SAVAGES 002Anyway, on with the film and the setting is the Wonga Road Warehouse which is about to become a meeting place for a collection of characters. We have Damien (Charlie Jarratt) and Sue (Angela Punch McGregor), a mother and son who are currently fleeing from Phil (John Jarratt) their father and husband respectively who has a dangerous reputation. Also present are friends Shae (Sacha Horler) and Mickey (Rebecca Smart), bar owners Mory (McLachlan) and Kate (Jessica Napier), and a cop (Chris Haywood).

The reason they’re holed up in this outback hostelry is due to the extreme weather conditions going on outside. It’s the storm of the century, with flash flooding rampant, roads impassable and a general air of danger. All that they can do is assemble in the pub and wait it out until conditions get a little safer outside. Soon enough the patrons are dubiously welcome the arrival of Phil, although we’re left in the dark as to a) where he’s been, and b) why his wife and son are so eager to get away from him. All we know is that they seem terrified of him, whilst Phil comes across as a bullish, arrogant man with a propensity for violence. It’s not long before the rest of the people holed up here get the gist that something is wrong between the family. However, with the severity of the storm meaning no-one in, no-one out, it is about to become a long tense night where everything is not always as straight forward as it seems.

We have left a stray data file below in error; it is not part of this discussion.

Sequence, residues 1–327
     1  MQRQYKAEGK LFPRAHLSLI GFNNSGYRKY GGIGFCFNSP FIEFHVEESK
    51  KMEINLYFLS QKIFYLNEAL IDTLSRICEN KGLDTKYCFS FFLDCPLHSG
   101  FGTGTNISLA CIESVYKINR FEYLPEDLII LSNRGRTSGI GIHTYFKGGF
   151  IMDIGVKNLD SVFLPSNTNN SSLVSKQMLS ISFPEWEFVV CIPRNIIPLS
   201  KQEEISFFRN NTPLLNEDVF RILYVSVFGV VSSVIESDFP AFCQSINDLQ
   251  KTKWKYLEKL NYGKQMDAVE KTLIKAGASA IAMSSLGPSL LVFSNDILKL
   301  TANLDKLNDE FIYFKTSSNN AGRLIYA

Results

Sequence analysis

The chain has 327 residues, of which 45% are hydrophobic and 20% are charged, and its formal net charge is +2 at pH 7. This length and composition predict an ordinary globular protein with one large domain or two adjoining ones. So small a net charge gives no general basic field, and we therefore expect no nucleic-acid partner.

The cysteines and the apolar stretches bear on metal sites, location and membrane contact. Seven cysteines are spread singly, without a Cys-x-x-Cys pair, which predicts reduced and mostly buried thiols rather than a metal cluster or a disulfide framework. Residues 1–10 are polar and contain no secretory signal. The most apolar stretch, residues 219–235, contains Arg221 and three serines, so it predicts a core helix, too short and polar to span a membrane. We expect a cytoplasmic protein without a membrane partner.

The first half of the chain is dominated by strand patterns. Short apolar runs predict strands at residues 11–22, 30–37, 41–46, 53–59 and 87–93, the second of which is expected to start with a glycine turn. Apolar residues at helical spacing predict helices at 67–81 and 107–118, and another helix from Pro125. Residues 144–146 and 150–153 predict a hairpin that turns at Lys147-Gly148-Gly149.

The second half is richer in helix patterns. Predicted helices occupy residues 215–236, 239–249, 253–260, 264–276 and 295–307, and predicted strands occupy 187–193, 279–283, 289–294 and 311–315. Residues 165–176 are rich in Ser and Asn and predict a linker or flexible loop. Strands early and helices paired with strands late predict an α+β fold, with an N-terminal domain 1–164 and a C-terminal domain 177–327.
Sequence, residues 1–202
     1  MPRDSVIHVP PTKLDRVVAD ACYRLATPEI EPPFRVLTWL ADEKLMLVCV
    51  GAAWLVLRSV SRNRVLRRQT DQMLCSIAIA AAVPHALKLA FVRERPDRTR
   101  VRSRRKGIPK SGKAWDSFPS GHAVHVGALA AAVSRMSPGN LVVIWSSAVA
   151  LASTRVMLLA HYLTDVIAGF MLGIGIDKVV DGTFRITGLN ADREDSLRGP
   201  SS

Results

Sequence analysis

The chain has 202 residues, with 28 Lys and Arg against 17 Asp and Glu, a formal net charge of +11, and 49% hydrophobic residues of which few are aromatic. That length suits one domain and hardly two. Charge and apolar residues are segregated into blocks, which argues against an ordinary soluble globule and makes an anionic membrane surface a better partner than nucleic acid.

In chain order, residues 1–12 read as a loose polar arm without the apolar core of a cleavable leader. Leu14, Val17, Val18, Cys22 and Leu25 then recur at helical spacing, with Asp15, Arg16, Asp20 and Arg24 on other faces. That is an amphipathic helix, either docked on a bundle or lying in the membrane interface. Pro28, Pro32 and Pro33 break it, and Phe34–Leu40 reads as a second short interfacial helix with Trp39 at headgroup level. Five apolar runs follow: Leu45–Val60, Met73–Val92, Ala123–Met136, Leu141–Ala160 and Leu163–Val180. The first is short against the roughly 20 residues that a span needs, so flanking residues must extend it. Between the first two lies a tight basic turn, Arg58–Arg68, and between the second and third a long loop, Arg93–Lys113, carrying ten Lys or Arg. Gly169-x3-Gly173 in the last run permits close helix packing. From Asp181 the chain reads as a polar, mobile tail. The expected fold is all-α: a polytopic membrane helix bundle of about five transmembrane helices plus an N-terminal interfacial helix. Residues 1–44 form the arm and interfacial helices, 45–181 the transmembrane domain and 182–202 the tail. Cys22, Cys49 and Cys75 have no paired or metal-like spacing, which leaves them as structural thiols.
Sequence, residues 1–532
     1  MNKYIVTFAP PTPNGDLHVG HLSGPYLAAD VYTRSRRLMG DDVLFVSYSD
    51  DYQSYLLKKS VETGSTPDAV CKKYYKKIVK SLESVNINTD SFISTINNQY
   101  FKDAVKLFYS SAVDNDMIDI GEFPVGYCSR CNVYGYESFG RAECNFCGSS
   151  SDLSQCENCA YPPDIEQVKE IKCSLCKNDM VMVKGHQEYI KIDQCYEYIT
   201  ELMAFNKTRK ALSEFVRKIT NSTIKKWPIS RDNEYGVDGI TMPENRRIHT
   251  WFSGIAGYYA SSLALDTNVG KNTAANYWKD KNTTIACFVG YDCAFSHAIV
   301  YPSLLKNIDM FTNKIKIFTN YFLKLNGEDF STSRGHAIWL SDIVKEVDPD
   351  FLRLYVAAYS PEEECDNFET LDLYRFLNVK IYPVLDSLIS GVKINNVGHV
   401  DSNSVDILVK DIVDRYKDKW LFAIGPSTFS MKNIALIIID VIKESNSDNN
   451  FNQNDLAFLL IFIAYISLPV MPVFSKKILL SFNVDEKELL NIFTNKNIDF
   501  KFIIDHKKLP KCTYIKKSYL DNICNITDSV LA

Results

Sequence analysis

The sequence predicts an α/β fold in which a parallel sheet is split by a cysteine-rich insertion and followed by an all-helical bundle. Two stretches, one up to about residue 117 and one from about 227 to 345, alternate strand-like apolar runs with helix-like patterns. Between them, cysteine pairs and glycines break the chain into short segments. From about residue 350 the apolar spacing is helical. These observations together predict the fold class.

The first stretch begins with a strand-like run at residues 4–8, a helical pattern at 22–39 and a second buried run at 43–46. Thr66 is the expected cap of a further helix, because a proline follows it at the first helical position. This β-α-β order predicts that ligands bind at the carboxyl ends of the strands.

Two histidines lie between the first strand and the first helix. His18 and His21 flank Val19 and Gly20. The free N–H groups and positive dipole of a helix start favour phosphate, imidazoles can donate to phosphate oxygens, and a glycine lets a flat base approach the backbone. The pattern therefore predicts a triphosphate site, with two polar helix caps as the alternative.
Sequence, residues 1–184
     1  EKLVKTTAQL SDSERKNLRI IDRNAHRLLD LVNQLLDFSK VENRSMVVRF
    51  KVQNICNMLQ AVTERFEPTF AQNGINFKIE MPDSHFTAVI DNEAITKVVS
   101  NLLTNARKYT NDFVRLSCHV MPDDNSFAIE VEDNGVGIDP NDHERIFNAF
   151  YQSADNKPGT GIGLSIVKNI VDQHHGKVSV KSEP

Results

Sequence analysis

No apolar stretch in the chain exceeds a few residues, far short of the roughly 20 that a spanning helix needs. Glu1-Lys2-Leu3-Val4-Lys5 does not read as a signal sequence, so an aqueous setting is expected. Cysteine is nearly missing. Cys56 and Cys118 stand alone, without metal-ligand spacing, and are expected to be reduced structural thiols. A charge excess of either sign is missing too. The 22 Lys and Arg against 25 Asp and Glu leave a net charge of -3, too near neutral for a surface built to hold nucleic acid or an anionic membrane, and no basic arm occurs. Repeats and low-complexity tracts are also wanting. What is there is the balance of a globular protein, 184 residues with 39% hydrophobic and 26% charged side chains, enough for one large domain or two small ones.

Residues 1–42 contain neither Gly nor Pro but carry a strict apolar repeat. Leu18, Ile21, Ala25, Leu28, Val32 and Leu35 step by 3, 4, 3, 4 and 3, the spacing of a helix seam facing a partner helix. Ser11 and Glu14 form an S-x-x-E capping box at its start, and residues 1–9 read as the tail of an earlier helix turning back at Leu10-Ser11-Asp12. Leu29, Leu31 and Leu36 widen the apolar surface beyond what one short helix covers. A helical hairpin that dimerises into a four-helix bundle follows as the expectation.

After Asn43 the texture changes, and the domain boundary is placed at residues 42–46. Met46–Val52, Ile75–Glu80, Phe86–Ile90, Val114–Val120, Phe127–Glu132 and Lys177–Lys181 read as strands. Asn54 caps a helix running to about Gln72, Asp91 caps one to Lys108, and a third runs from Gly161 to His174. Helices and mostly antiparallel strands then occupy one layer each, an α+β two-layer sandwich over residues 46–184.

Released no doubt to coincide with Jarratt reprising his role in the second Wolf Creek film, this small time Aussie feature filmed back in 2009 is actually a tense little horror-thriller. Undoubtedly shot on a small budget, and with Jarratt taking the role of writer, producer and star, it was presumably a labour of love. Thankfully with it being almost a one location picture, it takes heed from that often ignored piece of advice of ‘keep it simple’, while having the pleasure of seeing Jarratt work his magic as a loose cannon for 80 minutes was satisfying indeed.